2/27/2012

MY WEEK WITH MARILYN: Commodification, Frailty and Injustice

In an exchange of a few weeks ago about a recently dead star, I made the comment that I stand by: "If you consider a person a God, when they fall to the ground they are a Monster." People, in general should just be people; just equal.  To be considered more or less than a person is an injustice.  Marilyn Monroe was a woman who was frequently treated more or less than a person and so unjustly.   In her youth as a foster child, she was less. In her stardom, she was more. Approaching her death she was less again. 
My week with Marilyn (Michelle Williams) is based on two books by Colin Clark. It is adapted for the screen by writer Adrian Hodges and director Simon Curtis. The film shows Marilyn as frail and dependent.   It is under these circumstances that she spent time with Colin Clark (a young gofer for Sir Lawrence Olivier during the period when movie The Prince and the Showgirl was being made.
Smart people do not tolerate injustice well, when trapped they will chew off their paw to get out of a trap.  History is replete with examples, among them Marilyn Monroe. Until fame changes, its price won't. Fame is unsustainable because, in the language of Bioethics, the people who make fame use people as a commodity.  This commodity model is a slave model. When one slave dies the fame industry buys another.
Norma Jean Baker was 36 years old when she died.  Any college student with interest in child and family psychology could understand how Norma Jean Baker came to be found dead in August 1962 from probable suicide.  She was set up for the fall through rejections and abuses during her early years, followed by rejections and abuses during her years of fame. 
The Norma Jean Baker well depicted in the My Week With Marilyn was frail, vulnerable and misunderstood by all but a "lackey."  There is also an homage to Marilyn Monroe in The Help (Taylor, 2011). In this film it was also "the help"   that understood and protected her.  In both films she was married to a man she loved, but feared would not love her if he knew her truths. In both films she was pregnant but unable to be a viable mother. In both films she turned to working class people for support; her acting coach, production assistant, body guard, maid.  The outcome in The Help homage to Marilyn Monroe would have been so much more a better fate than the one actual befalling the real woman. Accuracy in historical biographies often takes a backseat to narrative, but these threads of Marilyn's reality stream through all her biographical leads.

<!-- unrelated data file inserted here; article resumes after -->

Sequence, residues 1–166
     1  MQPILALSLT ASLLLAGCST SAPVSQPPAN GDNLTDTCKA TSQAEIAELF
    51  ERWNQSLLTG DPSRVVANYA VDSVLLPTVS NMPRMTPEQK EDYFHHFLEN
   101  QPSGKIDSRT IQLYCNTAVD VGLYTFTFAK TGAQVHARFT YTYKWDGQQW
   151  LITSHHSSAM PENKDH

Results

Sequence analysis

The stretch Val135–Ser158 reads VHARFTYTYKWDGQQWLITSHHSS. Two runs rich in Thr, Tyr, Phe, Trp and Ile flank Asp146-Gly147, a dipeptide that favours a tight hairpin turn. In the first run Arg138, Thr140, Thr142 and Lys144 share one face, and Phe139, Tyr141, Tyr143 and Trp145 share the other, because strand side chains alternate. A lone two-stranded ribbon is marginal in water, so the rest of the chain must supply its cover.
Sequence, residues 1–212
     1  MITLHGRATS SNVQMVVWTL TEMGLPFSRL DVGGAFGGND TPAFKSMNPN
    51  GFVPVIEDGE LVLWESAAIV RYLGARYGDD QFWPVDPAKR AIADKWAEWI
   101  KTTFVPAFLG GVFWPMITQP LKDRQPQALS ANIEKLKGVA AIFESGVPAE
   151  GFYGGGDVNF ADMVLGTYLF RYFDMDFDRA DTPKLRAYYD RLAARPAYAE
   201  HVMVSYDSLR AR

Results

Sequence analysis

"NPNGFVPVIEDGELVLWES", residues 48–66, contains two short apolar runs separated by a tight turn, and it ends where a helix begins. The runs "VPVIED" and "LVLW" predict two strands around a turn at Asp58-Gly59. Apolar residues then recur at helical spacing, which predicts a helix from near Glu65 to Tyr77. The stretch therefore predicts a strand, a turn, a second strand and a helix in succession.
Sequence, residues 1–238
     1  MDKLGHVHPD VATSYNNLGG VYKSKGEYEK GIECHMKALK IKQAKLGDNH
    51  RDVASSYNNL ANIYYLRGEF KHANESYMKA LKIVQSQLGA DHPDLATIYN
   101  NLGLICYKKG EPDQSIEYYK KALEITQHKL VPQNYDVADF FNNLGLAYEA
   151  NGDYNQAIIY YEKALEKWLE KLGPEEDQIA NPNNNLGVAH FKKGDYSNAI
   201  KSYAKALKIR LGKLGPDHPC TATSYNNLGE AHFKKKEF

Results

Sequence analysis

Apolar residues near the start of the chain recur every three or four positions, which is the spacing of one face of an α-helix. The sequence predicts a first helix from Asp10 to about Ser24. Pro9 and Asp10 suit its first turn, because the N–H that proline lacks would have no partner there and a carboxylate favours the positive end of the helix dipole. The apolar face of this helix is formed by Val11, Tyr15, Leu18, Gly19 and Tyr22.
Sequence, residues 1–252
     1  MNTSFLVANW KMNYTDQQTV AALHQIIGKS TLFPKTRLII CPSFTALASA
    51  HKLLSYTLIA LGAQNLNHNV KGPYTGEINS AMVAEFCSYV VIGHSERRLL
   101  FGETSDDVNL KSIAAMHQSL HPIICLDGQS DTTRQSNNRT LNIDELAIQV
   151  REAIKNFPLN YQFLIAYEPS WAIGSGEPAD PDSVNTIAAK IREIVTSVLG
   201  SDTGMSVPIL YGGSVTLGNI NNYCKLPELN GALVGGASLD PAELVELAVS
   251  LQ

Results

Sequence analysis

Marilyn Monroe, though often reflected as dependent and frail, lived a dichotomous life. She supported and identified with working class and poor people. She was allied to significant forces in the left political and art movement; Arthur Miller, the Actors Studio as cases in point.  She openly supported   banning nuclear bombs, racial equality, human and civil rights. Her personal sexuality was in the feminist vein.  Further, she abhorred the HUAAC, just as openly as she embraced her causes. As a star, her job was to be a sexual commodity, yet as factory worker her photos are thought to have been a part Rosie the Riveters' evolution.  In her personal life, her fertility was at odds with her sexuality and her love relationships tenuous.  This woman's life was a perpetual double bind of competing interest.
Bioethical Conflict is considered irresolvable. If resolvable, it likely was not a real conflict.  Norma Jean Baker was caught in a real ethical conflict. Like many famous people, she died without resolution: Wealth and Fame, allowed her to do good. Fleeing Wealth and Fame would doom her to the poverty of self and finances from which she came.  My Week With Marilyn  is a road map to and for the fallen star.
My Week With Marilyn. (35 mm) directed by Simon Curtis. USA. The Weinstein Company. 2011. (101 min)

The Help (35 mm) directed by Tate Taylor. USA. Touchstone Pictures. 2011. (146 min)

The Prince and the Showgirl (35 mm) directed by Lawrence Olivier.  USA.
Warner Bros. 1957 (115 min)

1 comments:

9 said...

This is a note from HC:
...I watched my week with Marilyn, really enjoyed your piece on it in your blog...Also, last nite, on dvd i watched Eve's Bayou...1997 film..i really enjoyed the way it was made..thought the framing was superb, the way actors used thei eyes to express emotions...I was wondering what your opinion was of the film...i read several critiques from the 1990s, seems many critics did not like the movie...bringing into question also the issues of race..
I just wrote a chapter for a book on art and aesthetics...the chapter is about movies and medical ethics...it was a challenge, but fun...